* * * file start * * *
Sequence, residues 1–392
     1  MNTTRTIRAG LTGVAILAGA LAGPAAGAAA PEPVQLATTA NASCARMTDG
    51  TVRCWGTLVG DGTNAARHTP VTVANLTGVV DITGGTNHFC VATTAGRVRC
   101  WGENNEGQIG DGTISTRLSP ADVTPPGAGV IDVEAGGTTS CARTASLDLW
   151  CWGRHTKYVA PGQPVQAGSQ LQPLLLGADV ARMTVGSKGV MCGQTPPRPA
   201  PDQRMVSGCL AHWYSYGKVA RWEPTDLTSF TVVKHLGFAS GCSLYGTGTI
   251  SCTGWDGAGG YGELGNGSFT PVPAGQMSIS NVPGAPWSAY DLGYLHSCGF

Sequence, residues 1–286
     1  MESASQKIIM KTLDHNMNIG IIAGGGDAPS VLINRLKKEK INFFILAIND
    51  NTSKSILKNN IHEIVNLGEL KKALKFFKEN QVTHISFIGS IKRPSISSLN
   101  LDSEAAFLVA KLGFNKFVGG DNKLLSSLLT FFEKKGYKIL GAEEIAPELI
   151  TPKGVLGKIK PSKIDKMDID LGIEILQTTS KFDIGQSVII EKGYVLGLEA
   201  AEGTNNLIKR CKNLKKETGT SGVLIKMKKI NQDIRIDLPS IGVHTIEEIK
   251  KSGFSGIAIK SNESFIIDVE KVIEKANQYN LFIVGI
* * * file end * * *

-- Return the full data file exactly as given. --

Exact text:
Sequence, residues 1–392
     1  MNTTRTIRAG LTGVAILAGA LAGPAAGAAA PEPVQLATTA NASCARMTDG
    51  TVRCWGTLVG DGTNAARHTP VTVANLTGVV DITGGTNHFC VATTAGRVRC
   101  WGENNEGQIG DGTISTRLSP ADVTPPGAGV IDVEAGGTTS CARTASLDLW
   151  CWGRHTKYVA PGQPVQAGSQ LQPLLLGADV ARMTVGSKGV MCGQTPPRPA
   201  PDQRMVSGCL AHWYSYGKVA RWEPTDLTSF TVVKHLGFAS GCSLYGTGTI
   251  SCTGWDGAGG YGELGNGSFT PVPAGQMSIS NVPGAPWSAY DLGYLHSCGF

Sequence, residues 1–286
     1  MESASQKIIM KTLDHNMNIG IIAGGGDAPS VLINRLKKEK INFFILAIND
    51  NTSKSILKNN IHEIVNLGEL KKALKFFKEN QVTHISFIGS IKRPSISSLN
   101  LDSEAAFLVA KLGFNKFVGG DNKLLSSLLT FFEKKGYKIL GAEEIAPELI
   151  TPKGVLGKIK PSKIDKMDID LGIEILQTTS KFDIGQSVII EKGYVLGLEA
   201  AEGTNNLIKR CKNLKKETGT SGVLIKMKKI NQDIRIDLPS IGVHTIEEIK
   251  KSGFSGIAIK SNESFIIDVE KVIEKANQYN LFIVGI